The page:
All I got from the last paragraph was that it somehow would prevent innovation, or make developers unable to do anything unique with their MMO.

Also, when I say I want MMOs to have action combat, I'm only referring to games that would benefit from it. I'm not suggesting the developers of EVE Online to put swords on peoples' space ships and let them go at it, for Christ sake. If someone wants to make an innovative MMO, more power to them.

But if someone makes an MMO set in some fantasy world, or whatever, and it has the same old shitty battle system in THIS day and age? That would be a poor decision. And geeze, you know, I don't see what's so wrong with it if you don't want things to be stagnant. Why not weed out the old battle systems and replace them with action ones?

Let's face it: you can have more variety and uniqueness in a real time action battle system than you ever could in some static... thing that just attacks for you. There is a lot of creative potential with action battle systems, and even plenty of room for innovation to set the game apart from other games that have an action battle system.

You're making all of your statements based on the point that you feel Action-systems are innately superior. 
I'm saying that encouraging diversity in MMO space is a better idea than only encouraging one avenue of growth.

"Older" doesn't necessarily mean "bad."

You are absolutely free to have and voice your opinion, but I am also free to disagree with it and voice my disagreement.  I think it would be a mistake for us as a community to tell developers that only action games are worth making.

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Re: An idea for the next generation of MMO
« Reply #27 on: April 03, 2014, 11:17:07 PM »
Yes, that IS what my whole point is. This is an opinionated discussion, is it not? Why would my point NOT be based off of personal opinion?

Also, isn't the old way just action, but with very limited control?
What's wrong with giving people more control?

And yes, I know you're free to disagree. That's why I'm not telling you to stop.

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Re: An idea for the next generation of MMO
« Reply #28 on: April 04, 2014, 01:03:55 AM »
To continue on from my last post, and to tie this into Winkio's idea for the next step for MMOs.

I like your idea for a Dungeon Master styled AI, that can track certain statistics of gameplay, to generate a more dynamic and satisfying gaming experience. You seem to dismiss new technology (VR) as being gimmicky, and most likely not the saving grace for MMO shortcomings. My argument in favor of VR for MMOs is not very strong as of late  :'(, but I think it (VR) will be part of the next evolutionary step for MMOs for sure.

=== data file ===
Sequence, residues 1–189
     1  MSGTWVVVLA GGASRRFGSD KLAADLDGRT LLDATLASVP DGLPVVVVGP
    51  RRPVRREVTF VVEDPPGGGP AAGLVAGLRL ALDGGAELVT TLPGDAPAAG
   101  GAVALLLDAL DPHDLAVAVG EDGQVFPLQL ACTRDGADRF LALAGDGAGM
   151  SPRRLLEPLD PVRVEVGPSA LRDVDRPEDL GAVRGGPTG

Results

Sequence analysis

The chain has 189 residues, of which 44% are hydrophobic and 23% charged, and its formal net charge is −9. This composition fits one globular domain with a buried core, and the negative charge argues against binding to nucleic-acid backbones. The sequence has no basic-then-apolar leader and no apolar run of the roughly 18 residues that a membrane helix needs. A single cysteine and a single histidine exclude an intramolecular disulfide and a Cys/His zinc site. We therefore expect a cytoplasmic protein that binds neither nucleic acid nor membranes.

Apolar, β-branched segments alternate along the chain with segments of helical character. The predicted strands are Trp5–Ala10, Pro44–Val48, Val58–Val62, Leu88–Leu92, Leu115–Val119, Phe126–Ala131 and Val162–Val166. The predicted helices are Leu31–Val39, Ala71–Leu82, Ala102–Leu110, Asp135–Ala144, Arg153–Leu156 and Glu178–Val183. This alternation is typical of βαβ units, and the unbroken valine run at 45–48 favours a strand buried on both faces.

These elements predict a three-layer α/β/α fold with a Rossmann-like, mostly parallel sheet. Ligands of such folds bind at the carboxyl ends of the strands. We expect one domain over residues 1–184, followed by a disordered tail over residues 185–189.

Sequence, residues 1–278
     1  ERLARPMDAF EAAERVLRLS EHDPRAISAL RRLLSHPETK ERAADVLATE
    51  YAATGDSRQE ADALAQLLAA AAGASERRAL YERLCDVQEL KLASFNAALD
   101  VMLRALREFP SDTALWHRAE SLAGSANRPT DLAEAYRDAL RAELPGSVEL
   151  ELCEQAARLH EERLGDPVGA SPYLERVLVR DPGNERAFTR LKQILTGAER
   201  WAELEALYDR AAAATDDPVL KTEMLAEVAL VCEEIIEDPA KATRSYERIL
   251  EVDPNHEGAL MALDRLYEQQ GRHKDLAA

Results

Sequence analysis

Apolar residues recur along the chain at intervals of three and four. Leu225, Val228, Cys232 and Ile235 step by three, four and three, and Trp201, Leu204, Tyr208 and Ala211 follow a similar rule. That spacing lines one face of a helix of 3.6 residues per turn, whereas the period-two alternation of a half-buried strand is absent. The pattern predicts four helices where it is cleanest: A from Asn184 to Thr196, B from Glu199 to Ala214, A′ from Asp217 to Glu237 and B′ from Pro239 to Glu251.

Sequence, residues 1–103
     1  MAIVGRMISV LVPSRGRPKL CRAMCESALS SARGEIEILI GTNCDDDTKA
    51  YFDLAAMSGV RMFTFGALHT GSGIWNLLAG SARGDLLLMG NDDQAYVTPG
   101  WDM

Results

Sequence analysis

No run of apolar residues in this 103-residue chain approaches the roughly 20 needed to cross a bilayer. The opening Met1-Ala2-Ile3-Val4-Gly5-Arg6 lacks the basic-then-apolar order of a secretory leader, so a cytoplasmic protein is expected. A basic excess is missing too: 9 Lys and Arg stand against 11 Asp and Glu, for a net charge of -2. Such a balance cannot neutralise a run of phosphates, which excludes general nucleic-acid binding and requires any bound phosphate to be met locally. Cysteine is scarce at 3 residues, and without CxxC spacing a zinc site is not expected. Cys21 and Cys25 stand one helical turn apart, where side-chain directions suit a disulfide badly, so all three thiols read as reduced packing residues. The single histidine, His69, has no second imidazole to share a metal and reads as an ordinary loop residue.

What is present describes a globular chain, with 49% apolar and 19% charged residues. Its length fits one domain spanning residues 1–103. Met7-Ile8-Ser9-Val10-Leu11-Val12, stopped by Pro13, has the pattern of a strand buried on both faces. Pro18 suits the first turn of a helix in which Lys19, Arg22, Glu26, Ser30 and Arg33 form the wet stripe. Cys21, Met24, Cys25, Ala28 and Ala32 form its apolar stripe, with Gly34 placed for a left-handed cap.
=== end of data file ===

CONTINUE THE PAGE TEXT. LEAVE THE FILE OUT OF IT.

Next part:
So here's a bulleted list of items I think a good MMO should strive for:

1. A fully realized fantasy world with enemies you don't have to feel bad about killing. I hate when I feel guilty about killing monsters. I'm playing a fantasy game, I want to kill monsters and find loot.
 
2. I would like to see a combat system implemented similar to Dark Souls or Bushido Blade. Something bordering on simulation, but still very strategic.
 
3.  A game designed with VR in mind. Just the goggles though, not anything that requires any actual effort or movement on the player's part.

4.  A compelling overarching story that gives your adventuring a purpose. This is where Diablo 2 really shined for me. There wasn't much of a story, but the cinematics did a good of job of creating a sense of purpose to your chase after the wanderer.

5. I want a world where your decisions matter. I like the way Dark Souls handled multiplayer, though it could have been much better. But I thought it was interesting how they incorporated the multiverse/world angle to explain how changes in one world wouldn't affect changes in another. This would fit perfectly with an MMO where you could kill important NPC's and need to live with your decisions. Of course not just kill NPC's but offend people, or make enemies,  choose sides, etc...